They were, however, already in trouble at the set-piece, where Tonga'uiha scrummaged Benoit Bourrust out of the game, and with their line-out under pressure – the hooker Guilham Guirardo, highly rated by the French hierarchy, missed his jumpers more than once – the Midlanders started smelling scoring opportunities straight from the restart. Chris Ashton, called into the senior England squad last week, combined with the free-running Ben Foden to send the scoreboard spinning with a try on 43 minutes, and when the same pair manufactured a score for Phil Dowson midway through the quarter, the first part of the afternoon's mission had been more or less accomplished.

"He's always there – I can't get rid of him," Foden said of Ashton. "He even hangs around my house. I need a restraining order." The last thing Northampton supporters want to see is either of these two restrained. Foden played a spectacular hand from full back, making ground with every purring foray upfield and frequently creating space with clever little passes out of contact. For his part, Ashton looked as predatory as ever. His yellowy-green boots, accurately described as "puke-coloured" by one witness yesterday, may have been an affront to good taste, but his instincts as a finisher have made him a fully-fledged member of rugby's high society.

Even Ashton has his off moments, though, and one of them might have been costly. After Hartley had messed up one chance of nailing the bonus-point try with time to spare – his cross-kick to the left corner had more than a touch of the elephantine about it – the wing was equally wasteful in toe-poking the ball into the in-goal area when it cried out for the ball to be kept in hand.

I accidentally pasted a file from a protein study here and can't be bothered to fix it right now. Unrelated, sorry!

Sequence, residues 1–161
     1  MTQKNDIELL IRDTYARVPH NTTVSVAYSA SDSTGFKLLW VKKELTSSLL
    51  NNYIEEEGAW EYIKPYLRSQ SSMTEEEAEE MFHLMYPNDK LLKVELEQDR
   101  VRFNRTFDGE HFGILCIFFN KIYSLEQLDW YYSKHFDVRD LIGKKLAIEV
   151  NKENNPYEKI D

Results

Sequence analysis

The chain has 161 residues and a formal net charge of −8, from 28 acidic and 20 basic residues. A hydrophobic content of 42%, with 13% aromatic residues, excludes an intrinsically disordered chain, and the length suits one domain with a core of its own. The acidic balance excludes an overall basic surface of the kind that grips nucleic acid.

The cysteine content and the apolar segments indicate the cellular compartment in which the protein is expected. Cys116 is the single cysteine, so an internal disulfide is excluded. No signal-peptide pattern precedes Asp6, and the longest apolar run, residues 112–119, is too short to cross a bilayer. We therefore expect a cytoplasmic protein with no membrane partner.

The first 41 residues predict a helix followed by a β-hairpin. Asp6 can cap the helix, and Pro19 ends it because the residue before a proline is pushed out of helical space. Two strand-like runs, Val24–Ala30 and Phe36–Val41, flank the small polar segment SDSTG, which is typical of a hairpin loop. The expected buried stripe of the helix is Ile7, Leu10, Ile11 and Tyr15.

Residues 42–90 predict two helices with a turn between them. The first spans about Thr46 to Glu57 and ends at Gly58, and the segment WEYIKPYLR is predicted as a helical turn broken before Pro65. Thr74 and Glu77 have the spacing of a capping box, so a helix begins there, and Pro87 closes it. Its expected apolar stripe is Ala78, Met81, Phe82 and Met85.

As it was, Northampton extricated themselves from this prison of their own making at the very last knockings. Both Foden and Alan Dickens played a significant role in ensuring that a sweeping attack down the left stayed alive, and when the substitute lock Christian Day appeared in space near the Perpignan 22, he maintained his cool to free Clarke on the glory run. Stephen Myler contributed a showbiz conversion from the widest possible angle, just by way of rubbing it in.

"We're attacking well at important moments, but you can't expect to win the big games with just a couple of flashy backs," Mallinder said in summary. "Winning rugby starts with ruthlessness up front." Northampton will have to be ruthless and more if they are to become only the second side to win in Limerick since the launch of the Heineken Cup in 1995, but they have at least given themselves a shot.

Northampton: Tries: Ashton, Dowson, Dickson, Clarke. Conversions: Geraghty 3, Myler. Penalties: Geraghty 2.

Northampton: B Foden; C Ashton, J Clarke, J Downey (C Mayor, 61), B Reihana; S Geraghty (S Myler, 64), L Dickson (A Dickens, 64); S Tonga'uiha (J Vickers, 65), D Hartley (capt, B Sharman, 66), B Mujati, I Fernandez Lobbe (C Day, 55), J Kruger, P Dowson, N Best (S Gray, 61), R Wilson.

Perpignan: P Burger (D Mele, 56); A Plante, C Manas, G Hume, J Michel; S Meyer (N Laharrague, 47), F Cazanave; S Chobet (J Schuster, 55), G Guirado (C Geli, 55), B Bourrust (K Pulu, 47), Y Vivalda (R Tchale Watchou, 62), R Alvarez Kairelis, B Guiry, J-P Perez (capt), G Le Corvec (Y Parent, 62).

Referee: A Rolland (Ireland).